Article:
In this file photo, Tennessee women's basketball coach Pat Summit walks off the floor during a game at the renovated Thompson-Boling Arena. (AP File Photo/Wade Payne)
By Beth Rucker
The Associated Press
KNOXVILLE — Tennessee women’s basketball coach Pat Summitt thought her team had finally figured out what was needed to compete for a national championship. Instead, the Lady Volunteers are wrapping up a third straight season disappointed with the outcome.
They’re back home in Knoxville after a 73-59 loss to Notre Dame in the NCAA regional final in Dayton, Ohio, and will be back to practice today. Instead of practicing for what would have been the first Final Four appearance for most of the team, the Lady Vols will be practicing for the 2011-12 season.
“I hate this for our program,” Summitt said following Monday night’s loss. “I hope our players will learn from it, because we have a way to go. We were exposed.”
After an undefeated run through the Southeastern Conference season, an SEC tournament championship and an easy win against 16th-seeded Stetson in the opening round of the NCAA tournament, Tennessee’s struggle to stay motivated became more and more apparent.
For much of the season, Summitt had lamented how she had to keep on her players to give basketball their full effort. Most of the time, the Lady Vols responded, albeit briefly.
Summitt spent the halftime of many games delivering what she calls a “prayer meeting” to her players. She offered a particular scathing speech after the first half against Ohio State during the regional semifinal game with her team down by two points, questioning the heart of her players.
“I am kind of lost for words as to why they wouldn’t come in and already know what they were going to do,” Summitt said.
Junior forward Shekinna Stricklen, whom Summitt turned to for leadership this season, already knows what the team needs to take with them as they prepare for next season.
“Know your defense. That’s the key to winning the game,” she said. “You have to play as a team. You have to bring your defense and energy, and we didn’t have that. Shots weren’t going, and when that happens you better play defense. We didn’t have any leaders step up, and we weren’t clicking as a team.”
Tennessee (34-3) had relied on solid shooting to overcome previous defensive struggles. Against Notre Dame the Lady Vols shot 33 percent and had 19 turnovers. Sharpshooting senior guard Angie Bjorklund had a single point, and freshman guard Meighan Simmons went 1-for-11 and finished with two points.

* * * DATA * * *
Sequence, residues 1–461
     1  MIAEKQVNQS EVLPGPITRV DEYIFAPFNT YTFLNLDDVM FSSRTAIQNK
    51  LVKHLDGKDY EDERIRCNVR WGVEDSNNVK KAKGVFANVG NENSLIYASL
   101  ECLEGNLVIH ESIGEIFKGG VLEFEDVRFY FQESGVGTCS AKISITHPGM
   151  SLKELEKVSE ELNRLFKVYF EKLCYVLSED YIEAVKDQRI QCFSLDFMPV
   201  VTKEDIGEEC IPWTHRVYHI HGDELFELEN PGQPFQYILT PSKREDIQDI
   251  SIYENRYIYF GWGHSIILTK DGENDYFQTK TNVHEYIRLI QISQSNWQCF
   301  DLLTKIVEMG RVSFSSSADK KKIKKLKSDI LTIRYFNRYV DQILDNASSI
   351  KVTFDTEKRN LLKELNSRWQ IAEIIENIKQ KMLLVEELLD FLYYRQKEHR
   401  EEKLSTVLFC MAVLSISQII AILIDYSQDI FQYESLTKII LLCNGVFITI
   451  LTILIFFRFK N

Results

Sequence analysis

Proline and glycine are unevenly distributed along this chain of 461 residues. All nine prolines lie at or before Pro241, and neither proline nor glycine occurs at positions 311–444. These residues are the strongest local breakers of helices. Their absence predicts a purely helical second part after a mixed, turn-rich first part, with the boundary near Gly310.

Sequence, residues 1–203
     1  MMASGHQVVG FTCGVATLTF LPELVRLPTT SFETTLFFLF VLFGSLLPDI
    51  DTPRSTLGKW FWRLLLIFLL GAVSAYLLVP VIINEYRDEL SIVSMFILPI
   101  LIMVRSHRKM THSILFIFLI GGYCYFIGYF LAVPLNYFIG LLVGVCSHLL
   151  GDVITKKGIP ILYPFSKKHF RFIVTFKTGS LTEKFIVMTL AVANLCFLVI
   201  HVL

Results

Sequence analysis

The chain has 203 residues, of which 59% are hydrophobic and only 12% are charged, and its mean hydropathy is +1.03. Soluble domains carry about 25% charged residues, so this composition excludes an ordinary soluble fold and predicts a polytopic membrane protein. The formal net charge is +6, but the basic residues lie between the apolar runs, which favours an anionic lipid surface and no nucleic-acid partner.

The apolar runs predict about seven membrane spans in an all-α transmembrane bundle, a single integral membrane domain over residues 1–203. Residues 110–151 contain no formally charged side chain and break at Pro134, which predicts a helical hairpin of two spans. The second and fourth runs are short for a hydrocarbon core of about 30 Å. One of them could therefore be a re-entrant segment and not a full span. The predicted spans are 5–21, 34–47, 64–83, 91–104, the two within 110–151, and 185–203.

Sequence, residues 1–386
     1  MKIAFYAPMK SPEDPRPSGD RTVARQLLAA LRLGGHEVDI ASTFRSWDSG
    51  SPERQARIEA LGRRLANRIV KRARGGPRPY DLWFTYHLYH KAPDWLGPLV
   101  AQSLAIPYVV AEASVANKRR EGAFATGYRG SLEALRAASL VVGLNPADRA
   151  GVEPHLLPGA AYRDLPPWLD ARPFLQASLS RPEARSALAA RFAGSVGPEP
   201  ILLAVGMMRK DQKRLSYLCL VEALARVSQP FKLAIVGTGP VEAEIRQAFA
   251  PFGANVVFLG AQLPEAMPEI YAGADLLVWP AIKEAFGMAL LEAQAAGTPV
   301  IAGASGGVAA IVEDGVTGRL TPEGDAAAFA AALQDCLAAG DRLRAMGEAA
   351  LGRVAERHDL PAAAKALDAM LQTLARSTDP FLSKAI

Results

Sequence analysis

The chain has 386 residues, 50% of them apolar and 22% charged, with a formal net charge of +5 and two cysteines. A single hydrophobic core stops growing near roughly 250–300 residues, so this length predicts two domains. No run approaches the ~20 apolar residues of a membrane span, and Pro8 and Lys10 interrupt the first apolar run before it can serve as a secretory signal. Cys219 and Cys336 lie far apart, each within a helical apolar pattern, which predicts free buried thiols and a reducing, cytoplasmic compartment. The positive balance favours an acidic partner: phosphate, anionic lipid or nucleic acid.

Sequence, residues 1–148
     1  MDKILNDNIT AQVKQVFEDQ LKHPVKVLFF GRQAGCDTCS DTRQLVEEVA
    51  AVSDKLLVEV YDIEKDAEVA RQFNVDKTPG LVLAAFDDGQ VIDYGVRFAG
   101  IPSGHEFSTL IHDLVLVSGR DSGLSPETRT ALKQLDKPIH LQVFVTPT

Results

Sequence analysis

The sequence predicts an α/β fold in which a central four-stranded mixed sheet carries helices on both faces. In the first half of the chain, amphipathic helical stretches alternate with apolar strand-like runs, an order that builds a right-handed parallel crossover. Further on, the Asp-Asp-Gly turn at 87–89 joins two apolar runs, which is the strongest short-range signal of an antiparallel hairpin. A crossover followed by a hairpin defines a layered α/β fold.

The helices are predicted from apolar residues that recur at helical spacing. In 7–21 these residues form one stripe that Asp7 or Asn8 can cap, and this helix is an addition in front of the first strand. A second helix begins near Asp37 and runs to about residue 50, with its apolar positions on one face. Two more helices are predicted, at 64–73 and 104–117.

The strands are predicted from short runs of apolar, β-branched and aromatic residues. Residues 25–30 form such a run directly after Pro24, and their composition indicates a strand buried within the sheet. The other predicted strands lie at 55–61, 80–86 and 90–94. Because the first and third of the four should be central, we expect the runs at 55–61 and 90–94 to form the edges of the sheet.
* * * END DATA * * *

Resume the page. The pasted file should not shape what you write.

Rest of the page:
Simmons “is a freshman and sometimes we forget that with a great future ahead of her, but she had four turnovers,” Summitt said. “This was a big game that seemed a little bit different to her then playing through the SEC and getting here.”
The good news for the Lady Vols is most of the team will remain intact for next season. They lose Bjorklund, who leaves as Tennessee’s all-time career 3-point shooting leader with 305 made treys, and guard Sydney Smallbone.
Simmons, who led the team in scoring this season with 13.5 points per game, will have a chance to hone her skills in her first full offseason at Tennessee. The Lady Vols will add two McDonald’s All-Americans in point guard Ariel Massengale and forward Cierra Burdick and another forward with Isabelle Harrison.
The bad news for the Lady Vols is the pressure for them to win the program’s ninth national championship will be greater than ever next season. The seven players who will be seniors next season have only one more chance to live up to the expectations that come with playing at Tennessee.
So far, the legacy for the soon-to-be senior class includes Tennessee’s only first-round loss in the NCAA tournament in 2009, a regional-semifinal loss as a No. 1 seed in 2010 and the most recent loss in the round of eight.
“I thought we had overcome this,” junior forward Alicia Manning said. “At this point of the year, you can’t let another team outwork you, and they outworked us. It’s hard to live with, but it happened and it’s over.”